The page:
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What are Fly Bites?

Flies prey on the dog's ears and sometimes bridge of their nose for the tender skin here and the inability of the dog to protect this area. In severe infestations, the dogs can develop a secondary infection. The flies may lay their eggs in the open wound they created or any open wound they find. In cases such as this, the dog often has to be anesthetized and the wound cleaned of maggots and dead skin by a veterinarian.

Fly biting often affects dogs that work on farms or live in a primarily outdoor environment. Small breed dogs and cats are rarely affected. Dogs who do not live entirely out of doors are less likely to affected. Dogs with upright ears, who are also most commonly working dogs, such as German Shepherds and Collies are the most afflicted.

Fly Bites Average Cost

From 296 quotes ranging from $200 - $800

Average Cost

$400

Symptoms of Fly Bites in Dogs

If you see flies on or near your pet it is quite likely that fly bites are occurring. To diagnose after the event, the ears especially, the edges will have small red bumps that are dark and crusty and sometimes bleed.

  • Itching
  • Redness on skin
  • Bumps on the skin
  • Bites that may bleed or crust over
  • Bite wounds
  • Presence of flies in the fur

Types

  • Stable fly
  • Horse fly
  • Black fly
  • Mosquitoes
  • Sand flies
  • Biting midges (no-see-ums)
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Causes of Fly Bites in Dogs

  • Flies are parasitic and are attracted to warm-blooded mammals for a fresh meal
  • The flies may also choose to lay their eggs in an open wound
  • Matted fecal matter in the dog's coat may attract flies
  • Unclean kennel areas exacerbate the problem
  • Horse or farm animal stables in close proximity to the dog’s quarters can lead to fly strike
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Diagnosis of Fly Bites in Dogs

If you see that your companion is suffering from multiple bites, a veterinarian visit may be warranted. Secondary infection can be a complication with an over abundance of fly bites. In addition, if your pet has open wounds, certain species of flies may cause a botfly infestation or other parasitic infection. Severe infestations, when maggots are present, are known as myiasis or fly strike.

Diagnosis can be made by your veterinarian by inspection of the bite. Most characteristically the ears, especially the edges will be affected. They will appear sore and sometimes crusty with blood.

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Treatment of Fly Bites in Dogs

Prevention is the best treatment for fly biting in dogs. Flies are attracted to decaying matter, urine, feces, and standing water. Keeping your pet’s kennel and nearby areas free from leaves, grass clippings, uneaten food, and fecal matter of any kind will help. It is also important to keep your dog well groomed. Regular bathing and if necessary, clipping to rid your dog of matted fur can make a big difference. Bring your dog inside during peak fly times. Better yet, give even working dogs time inside of the home.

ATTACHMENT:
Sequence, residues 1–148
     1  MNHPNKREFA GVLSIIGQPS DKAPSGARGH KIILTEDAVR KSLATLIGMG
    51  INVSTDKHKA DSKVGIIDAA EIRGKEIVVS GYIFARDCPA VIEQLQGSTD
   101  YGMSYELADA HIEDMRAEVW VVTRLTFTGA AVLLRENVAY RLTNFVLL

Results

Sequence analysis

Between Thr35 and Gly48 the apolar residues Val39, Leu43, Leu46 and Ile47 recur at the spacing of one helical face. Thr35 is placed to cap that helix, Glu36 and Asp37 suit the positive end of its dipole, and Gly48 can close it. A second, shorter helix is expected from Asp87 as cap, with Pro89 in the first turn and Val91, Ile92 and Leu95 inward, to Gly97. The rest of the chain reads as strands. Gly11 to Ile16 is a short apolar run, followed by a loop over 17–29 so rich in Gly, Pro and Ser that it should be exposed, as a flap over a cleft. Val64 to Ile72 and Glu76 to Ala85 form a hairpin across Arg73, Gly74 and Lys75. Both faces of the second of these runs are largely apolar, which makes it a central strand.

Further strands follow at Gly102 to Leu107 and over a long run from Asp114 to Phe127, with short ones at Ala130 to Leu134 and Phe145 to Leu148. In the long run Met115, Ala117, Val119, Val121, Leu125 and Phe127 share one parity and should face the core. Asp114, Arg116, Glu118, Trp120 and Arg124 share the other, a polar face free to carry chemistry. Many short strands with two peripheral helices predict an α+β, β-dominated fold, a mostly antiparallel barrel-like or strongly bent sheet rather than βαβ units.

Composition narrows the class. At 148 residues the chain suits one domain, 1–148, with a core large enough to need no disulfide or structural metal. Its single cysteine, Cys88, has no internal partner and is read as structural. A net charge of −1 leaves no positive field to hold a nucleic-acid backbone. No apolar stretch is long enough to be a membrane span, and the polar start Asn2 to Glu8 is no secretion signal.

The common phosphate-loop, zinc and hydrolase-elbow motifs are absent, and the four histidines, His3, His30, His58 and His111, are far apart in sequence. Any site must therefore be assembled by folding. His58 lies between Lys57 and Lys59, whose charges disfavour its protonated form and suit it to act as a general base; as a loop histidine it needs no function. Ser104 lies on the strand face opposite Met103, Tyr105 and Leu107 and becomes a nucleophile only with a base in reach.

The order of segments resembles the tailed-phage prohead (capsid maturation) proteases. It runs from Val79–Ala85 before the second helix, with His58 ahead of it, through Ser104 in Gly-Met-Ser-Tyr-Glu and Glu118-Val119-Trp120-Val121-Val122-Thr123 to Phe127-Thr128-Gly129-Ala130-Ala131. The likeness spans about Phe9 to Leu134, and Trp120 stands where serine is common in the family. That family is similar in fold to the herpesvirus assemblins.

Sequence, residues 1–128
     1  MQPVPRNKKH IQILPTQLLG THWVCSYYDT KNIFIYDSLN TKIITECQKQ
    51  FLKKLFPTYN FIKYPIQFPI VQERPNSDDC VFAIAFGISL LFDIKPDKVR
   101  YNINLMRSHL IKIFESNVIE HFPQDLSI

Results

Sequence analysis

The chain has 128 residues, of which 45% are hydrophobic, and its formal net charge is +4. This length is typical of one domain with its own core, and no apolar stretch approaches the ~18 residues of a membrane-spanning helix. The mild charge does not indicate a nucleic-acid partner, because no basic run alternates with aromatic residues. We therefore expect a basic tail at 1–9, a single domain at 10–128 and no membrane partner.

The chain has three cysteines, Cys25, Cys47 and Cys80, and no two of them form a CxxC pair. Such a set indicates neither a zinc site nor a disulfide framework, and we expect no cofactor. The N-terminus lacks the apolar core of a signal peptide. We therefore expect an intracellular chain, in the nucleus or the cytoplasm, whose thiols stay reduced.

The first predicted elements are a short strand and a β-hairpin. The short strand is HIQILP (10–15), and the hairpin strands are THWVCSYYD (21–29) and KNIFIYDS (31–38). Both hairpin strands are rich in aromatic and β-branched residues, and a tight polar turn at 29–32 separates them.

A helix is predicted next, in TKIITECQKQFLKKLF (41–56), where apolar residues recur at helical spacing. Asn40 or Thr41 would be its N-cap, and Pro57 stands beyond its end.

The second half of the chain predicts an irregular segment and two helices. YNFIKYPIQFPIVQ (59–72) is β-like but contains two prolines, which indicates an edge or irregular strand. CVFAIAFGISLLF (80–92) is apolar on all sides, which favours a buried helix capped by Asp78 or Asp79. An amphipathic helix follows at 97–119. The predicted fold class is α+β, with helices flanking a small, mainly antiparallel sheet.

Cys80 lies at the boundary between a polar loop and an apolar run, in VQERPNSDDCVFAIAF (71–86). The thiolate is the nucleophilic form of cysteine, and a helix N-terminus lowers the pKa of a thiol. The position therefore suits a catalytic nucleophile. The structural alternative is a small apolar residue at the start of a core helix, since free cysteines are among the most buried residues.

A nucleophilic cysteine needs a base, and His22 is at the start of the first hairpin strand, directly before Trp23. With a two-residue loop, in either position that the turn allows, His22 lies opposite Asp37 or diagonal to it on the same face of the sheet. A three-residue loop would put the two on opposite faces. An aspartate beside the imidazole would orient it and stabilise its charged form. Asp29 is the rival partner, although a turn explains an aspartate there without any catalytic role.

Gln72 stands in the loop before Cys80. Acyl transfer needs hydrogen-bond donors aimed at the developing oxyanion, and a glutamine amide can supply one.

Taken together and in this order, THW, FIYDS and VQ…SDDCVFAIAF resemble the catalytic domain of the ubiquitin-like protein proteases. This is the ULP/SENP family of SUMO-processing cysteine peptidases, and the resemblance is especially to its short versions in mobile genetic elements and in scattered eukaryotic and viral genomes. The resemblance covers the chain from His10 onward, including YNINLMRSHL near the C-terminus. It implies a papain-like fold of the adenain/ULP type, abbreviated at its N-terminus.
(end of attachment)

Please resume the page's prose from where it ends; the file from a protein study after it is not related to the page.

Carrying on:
If an infestation has occurred but is not too severe, home remedies may be applied. Because of the sensitive nature of the ears, delicate care is needed. Gently clean the affected area with warm water and a mild soap. It is best to keep the dog inside as much as possible while the wounds heal. When the dog is outside protect the ears with a petroleum product. Neosporin is most recommended. Commercial pyrethrin products can be used to deter pests. Some people add an insecticide or deet to the petroleum product that serves as a barrier for future insect bites. You may also consider spraying your dog’s kennel area to further deter pests. A bug zapper will help with most flies except mosquitoes. Fly tape hung high enough to not get tangled in your dog’s fur can aid.

If the infestation is too severe, especially if maggots are present, veterinarian help is needed. Because the procedure is very painful most veterinarians will recommend that the dog is anesthetized while they remedy the affected area.

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Recovery of Fly Bites in Dogs

Prognosis is generally good unless a maggot infestation is severe. In this case, the ears may experience scarring and remain thickened. Otherwise, cleaning up the kennel or stable area brings good resolution. Reinfestation is easy if desirable habit reoccurs near the dog’s kennel area. Tidy homestead practices can keep trouble at bay.

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Fly Bites Average Cost

From 296 quotes ranging from $200 - $800

Average Cost

$400

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Fly Bites Questions and Advice from Veterinary Professionals

Need pet health advice? Ask a vet

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Ask a Vet

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Great Pyrenees

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Three Years

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Unknown severity

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0 found helpful

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Unknown severity

Has Symptoms

Bleeding

My Great Pyrenees has had flies all over him lately and they are eating away at the bridge of his nose. He is always bleeding and it looks like his skin there is red and bleeding. We tried to put some neosporin but it only helps so much. He doesn’t like it and runs it away and the flies still come back. What can we do?

July 25, 2020

Owner

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Dr. Sara O. DVM

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0 Recommendations